Here is an example of how collaboration coordinators need to be constantly on the lookout for opportunities to connect people, create learning opportunities and to demonstrate collaborative practices.
In 2008, Mark was involved in a project to improve collaboration between 17 government agencies that were using SAP. During consultation, one of the agencies stated that while they could see some potential benefits in working more collaboratively, they thought it would be a drain on their resources: ‘We will be far too busy in the next six months implementing an upgrade to the new software version to be involved in this collaboration activity’.
Rather than try to convince them of the value, Mark simply asked them if it would be useful if he got together a few agencies that had already completed the upgrade process to share their experiences and any application developments that might help. The agency loved the idea and a ‘peer assist’ process was initiated.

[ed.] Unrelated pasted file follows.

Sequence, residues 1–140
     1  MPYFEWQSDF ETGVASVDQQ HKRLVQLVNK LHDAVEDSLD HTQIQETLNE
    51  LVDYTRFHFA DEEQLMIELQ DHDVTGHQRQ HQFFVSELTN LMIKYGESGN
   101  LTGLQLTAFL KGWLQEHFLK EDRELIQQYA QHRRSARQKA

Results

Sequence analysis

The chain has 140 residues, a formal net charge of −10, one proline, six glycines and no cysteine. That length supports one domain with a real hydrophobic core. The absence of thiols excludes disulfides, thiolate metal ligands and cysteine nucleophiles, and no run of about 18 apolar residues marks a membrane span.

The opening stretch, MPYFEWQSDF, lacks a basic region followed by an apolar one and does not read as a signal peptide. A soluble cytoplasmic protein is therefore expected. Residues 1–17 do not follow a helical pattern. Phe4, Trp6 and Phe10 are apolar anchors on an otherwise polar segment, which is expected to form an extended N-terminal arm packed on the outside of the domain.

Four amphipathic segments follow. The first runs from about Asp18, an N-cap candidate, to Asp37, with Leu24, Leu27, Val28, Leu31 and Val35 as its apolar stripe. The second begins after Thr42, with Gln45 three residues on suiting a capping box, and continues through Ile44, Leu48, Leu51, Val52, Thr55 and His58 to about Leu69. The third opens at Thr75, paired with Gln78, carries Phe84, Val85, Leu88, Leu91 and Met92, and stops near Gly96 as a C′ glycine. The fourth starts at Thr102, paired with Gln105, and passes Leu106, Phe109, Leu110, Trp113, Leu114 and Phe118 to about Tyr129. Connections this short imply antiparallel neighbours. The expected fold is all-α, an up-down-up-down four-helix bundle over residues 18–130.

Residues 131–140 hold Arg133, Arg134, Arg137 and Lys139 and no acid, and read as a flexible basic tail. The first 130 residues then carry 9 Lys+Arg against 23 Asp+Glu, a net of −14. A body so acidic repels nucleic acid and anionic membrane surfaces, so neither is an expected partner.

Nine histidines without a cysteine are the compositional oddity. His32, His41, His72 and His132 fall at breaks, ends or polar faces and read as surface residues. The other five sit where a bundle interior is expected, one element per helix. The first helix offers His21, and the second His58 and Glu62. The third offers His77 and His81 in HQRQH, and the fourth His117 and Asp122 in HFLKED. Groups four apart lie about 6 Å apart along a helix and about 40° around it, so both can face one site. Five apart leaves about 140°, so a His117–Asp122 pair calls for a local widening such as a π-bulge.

Build a group of collaboration supporters
The collaboration coordinator can’t do this job alone, so they should gather a group of supporters to help. Here is how the US Defense Intelligence Agency2 did it.
The change mechanism needed to exist outside the line management, because the current culture would thwart innovation, but at the same time the project needed sponsorship;
A focus on practice and making a difference to the people doing the real work; and
Working in a climate of limited funds.
Its solution was network-based. Each of the 27 divisions nominated a person to join a cooperative (called the Knowledge Lab), which would champion knowledge-based change. The Knowledge Lab leader interviewed each nominee, then the successful candidates identified five to ten peers in their division to support them. This created a network of 119 change agents. The Knowledge Lab conducted a social-network analysis with its members to find out the connectors, bridges and peripherals in DIA’s 8000-strong workforce. The Knowledge Lab is conducting a series of pilot projects, and has seen some remarkable changes and the formation of new social networks.